To Colonel Samuel Blachley Webb
Head Quarters Morris Town [New Jersey] March 13. 1777
If General Knox has not passed through on his way here, and gotten out of your reach, you will be pleased carefully and expeditiously to convey the inclosed letter to him; as it is intended to hurry him on to Camp.1 If he is out of reach, destroy the letter, for it will be of no consequence to return it.
The family2 are all well; and hope soon to see you here, at the head of your bloody myrmidons.
I am Dr. sir Your most hum servant
A Hamilton ADC
P.S. If the General has not yet come from the Eas[t]ward, send the letter to him by express.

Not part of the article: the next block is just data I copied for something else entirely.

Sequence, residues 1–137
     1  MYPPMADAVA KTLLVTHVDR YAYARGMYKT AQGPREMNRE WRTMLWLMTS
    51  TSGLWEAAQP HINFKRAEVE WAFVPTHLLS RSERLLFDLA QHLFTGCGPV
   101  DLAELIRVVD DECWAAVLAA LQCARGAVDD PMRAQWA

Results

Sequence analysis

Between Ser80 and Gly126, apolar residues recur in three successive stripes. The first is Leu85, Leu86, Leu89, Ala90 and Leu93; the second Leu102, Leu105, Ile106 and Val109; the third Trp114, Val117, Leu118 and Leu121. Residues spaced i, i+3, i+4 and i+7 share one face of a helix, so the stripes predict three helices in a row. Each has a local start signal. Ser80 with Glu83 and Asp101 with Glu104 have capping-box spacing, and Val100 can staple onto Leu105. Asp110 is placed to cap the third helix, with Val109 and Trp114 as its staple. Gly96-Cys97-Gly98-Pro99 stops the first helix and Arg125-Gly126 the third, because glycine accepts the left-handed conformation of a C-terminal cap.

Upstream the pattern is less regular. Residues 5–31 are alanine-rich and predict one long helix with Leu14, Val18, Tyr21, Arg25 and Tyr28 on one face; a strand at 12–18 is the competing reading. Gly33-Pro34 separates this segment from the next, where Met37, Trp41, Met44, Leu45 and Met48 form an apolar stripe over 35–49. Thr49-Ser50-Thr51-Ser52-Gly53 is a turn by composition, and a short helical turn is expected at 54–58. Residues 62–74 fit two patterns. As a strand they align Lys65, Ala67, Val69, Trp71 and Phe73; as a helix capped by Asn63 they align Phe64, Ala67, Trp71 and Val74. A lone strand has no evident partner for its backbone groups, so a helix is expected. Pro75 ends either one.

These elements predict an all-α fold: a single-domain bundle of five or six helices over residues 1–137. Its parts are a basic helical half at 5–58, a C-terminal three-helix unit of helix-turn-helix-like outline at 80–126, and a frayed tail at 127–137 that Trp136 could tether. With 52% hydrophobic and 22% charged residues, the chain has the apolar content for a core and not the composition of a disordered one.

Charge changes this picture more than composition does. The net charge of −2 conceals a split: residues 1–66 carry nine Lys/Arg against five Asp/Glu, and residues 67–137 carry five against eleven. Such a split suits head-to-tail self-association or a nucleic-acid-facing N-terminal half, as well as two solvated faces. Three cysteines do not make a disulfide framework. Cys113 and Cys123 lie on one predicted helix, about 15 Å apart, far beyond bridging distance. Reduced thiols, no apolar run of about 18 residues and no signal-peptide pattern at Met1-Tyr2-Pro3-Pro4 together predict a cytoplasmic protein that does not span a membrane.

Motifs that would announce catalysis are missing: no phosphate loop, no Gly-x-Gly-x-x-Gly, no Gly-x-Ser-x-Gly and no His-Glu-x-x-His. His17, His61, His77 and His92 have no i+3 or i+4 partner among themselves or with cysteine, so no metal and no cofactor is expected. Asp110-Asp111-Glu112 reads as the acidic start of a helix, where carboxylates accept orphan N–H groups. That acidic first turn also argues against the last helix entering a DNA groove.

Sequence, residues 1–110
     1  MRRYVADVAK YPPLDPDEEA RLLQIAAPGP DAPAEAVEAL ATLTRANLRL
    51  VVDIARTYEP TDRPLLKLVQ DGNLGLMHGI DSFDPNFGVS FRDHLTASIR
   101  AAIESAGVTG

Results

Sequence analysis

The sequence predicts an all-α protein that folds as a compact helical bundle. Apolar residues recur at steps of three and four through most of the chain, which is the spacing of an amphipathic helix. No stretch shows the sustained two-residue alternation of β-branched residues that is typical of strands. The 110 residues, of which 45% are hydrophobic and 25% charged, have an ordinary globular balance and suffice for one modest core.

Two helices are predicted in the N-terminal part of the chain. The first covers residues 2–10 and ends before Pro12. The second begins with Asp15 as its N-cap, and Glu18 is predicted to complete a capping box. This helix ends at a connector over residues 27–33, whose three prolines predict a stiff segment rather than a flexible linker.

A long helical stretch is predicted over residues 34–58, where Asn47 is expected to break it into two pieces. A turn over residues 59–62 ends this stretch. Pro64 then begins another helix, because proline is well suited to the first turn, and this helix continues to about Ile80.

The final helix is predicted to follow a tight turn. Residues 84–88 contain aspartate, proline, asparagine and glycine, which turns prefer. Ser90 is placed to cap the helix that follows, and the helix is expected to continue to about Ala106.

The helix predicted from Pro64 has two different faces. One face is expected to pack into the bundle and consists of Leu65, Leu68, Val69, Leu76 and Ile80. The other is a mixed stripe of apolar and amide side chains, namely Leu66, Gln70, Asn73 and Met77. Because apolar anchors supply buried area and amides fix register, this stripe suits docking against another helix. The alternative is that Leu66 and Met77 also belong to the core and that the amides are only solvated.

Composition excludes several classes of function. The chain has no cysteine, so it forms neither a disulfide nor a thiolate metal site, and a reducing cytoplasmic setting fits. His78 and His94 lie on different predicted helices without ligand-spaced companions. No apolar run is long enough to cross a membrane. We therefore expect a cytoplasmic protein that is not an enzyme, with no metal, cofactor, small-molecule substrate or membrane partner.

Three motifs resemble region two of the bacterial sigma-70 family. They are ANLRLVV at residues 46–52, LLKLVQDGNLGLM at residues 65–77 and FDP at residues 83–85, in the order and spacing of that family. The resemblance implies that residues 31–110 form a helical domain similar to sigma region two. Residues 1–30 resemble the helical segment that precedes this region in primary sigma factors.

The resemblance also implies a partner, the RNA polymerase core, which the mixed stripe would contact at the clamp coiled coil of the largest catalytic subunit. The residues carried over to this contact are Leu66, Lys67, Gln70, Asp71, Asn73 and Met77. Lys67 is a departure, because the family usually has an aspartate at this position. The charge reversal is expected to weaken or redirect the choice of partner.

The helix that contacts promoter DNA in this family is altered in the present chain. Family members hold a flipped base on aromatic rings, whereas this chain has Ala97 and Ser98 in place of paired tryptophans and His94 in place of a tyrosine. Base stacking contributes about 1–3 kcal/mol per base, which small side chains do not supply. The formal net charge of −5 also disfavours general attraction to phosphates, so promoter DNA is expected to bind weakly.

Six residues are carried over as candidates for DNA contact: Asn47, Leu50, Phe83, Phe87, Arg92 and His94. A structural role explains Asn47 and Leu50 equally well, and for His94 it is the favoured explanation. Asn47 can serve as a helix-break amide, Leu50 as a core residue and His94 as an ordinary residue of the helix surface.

ALS, Yale University Library.
1. At the time that this letter was written, Samuel Webb was colonel of a Continental regiment at Wethersfield, Connecticut, and Brigadier General Henry Knox was en route from Boston to Washington’s Headquarters. On March 14, 1777, Washington wrote to Knox: “I have for some time past most earnestly expected you, to arrange matters in the Artillery department, which has in a manner lain Still since you went away.… I beg you will endeavour to bring forward as many of the Artillery Men, intended for this department, as you possibly can.… As you see how necessary your presence is here, I hope you will make as much haste as possible to Join” (George Washington Papers, Library of Congress). This may have been the enclosure to which H refers in his letter to Webb.
2. This refers to the members of Washington’s staff at Headquarters.